Tak kenal maka tak cinta. Jom Kenali Universiti Awam (UA) Malaysia.

Monday, August 07, 2017

I chose to work in a startup company after graduating and you should too

Buy your bus and train tickets online now before they are sold out!

Malaysia Scholarships 2017 for SPM and STPM 2016 Result Holders

and their respective scholarship application closing dates.
  1. 28 August 2017: Biasiswa Yayasan Kuala Lumpur Kepong (KLK) Scholarships http://scholarships.malaysia-students.com/2017/07/biasiswa-yayasan-kuala-lumpur-kepong-klk-scholarship.html
  2. 31 December 2017: Perbadanan Tabung Pendidikan Tinggi Nasional (PTPTN) Discount on Repayment http://scholarships.malaysia-students.com/2016/10/perbadanan-tabung-pendidikan-tinggi-nasional-ptptn-repayment-discount.html
  3. Open throughout the year: Maxis What’s Next Scholarship for Postgraduate Degree/Diploma Programme http://scholarships.malaysia-students.com/2017/03/maxis-whats-next-scholarship-programme.html
  4. Open throughout the year: Biasiswa Karangkraf Scholarship Education Fund http://scholarships.malaysia-students.com/2016/10/biasiswa-karangkraf-scholarship-education-fund.html
  5. Open throughout the year: Amcorp Study Grant for ACCA Qualification in Collaboration with Yayasan Azman Hashim Foundation http://scholarships.malaysia-students.com/2016/10/amcorp-study-grant-for-acca.html
  6. 36 Scholarships for IPTA Undergraduate Students http://scholarships.malaysia-students.com/2014/08/scholarships-for-ipta-undergraduate-students.html
  7. Throughout the year: Intel Malaysia Scholarships http://scholarships.malaysia-students.com/2014/10/intel-malaysia-scholarships.html
For many fresh graduates, making the transition from being a full-time student to a full-time employee can be extremely daunting. Some might even end up in the abyss of unemployment for quite some time, going to interview after interview without finally scoring the job. I can be considered one of the lucky ones, scoring a full-time junior executive position 2 months before my last semester even ended. Maybe this is due to the fact that I exclusively filtered out all big corporations in my job-hunting process.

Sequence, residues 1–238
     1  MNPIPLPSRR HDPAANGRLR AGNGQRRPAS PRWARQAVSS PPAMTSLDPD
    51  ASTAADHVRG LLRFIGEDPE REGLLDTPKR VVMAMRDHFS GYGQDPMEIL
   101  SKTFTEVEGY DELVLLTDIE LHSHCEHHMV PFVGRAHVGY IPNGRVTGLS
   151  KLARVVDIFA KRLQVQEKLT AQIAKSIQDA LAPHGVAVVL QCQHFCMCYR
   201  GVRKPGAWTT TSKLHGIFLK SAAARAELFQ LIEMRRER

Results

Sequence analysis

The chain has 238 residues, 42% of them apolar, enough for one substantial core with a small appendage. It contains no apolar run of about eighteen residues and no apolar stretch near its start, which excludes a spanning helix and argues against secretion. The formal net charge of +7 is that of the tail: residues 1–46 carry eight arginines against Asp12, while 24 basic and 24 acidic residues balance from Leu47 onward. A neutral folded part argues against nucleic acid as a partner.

The reason why I hunted startup companies instead of big corporations is because of one main factor: I need to find a place where I am needed and where I have the chance to stand out among my competitors. Sure, bigger companies might need someone with my skill sets as well but chances are, the coveted position will go to someone with a longer résumé and a higher GPA. Since startup companies are growing in a very fast pace, they need someone who can go with the flow and keep up with the growth in every quarter. There is always a new project and a challenging obstacle that can’t be solved simply by a high GPA or a long résumé.
Startup Co Working Space
Applying for a job at corporations is stressful enough as it is but when you actually do get the position. That feeling of fulfillment and happiness because you’re now finally employed is still not guaranteed. I know many fresh grads working with multinational companies still stuck in their training stages while I’m already contributing so much in my six months of working in an e-commerce startup. With startups, I feel like I have the chance to thrive and improve my skills at a faster rate.

Now that I’ve settled down in my job as a content writer in an established startup in Kuala Lumpur, I’ve found that my previous assumption about working in a smaller scale companies are true. Here are just some of the things I’ve discovered after jumpstarting my career at a startup.

More creative opportunities

As a content writer, I do more than just publishing product descriptions and on-site texts. I also write feature articles like this one and whenever they get published, I add it to my writing portfolio. It may not seem like a big deal now but when you want to climb up that career ladder in the future, you can showcase your impressive list of published writing.

For non-writers, you would also more likely to contribute to a project in a startup than in giant conglomerates. The scale may differ in every startup companies but the idea is more attractive than doing mundane, menial desk jobs every day without the chance to contribute anything.

Better working culture

Another main reason why I chose startup companies over conglomerates when hunting for my first job is because of the lack of bureaucracy. Working in a smaller office means you have the chance to meet everybody, from the juniors all the way up to the big bosses. It’ll give you a sense of solidarity with everyone in your office and while office politics might still exist, it won’t be on the same scale as it most likely would be in bigger corporations.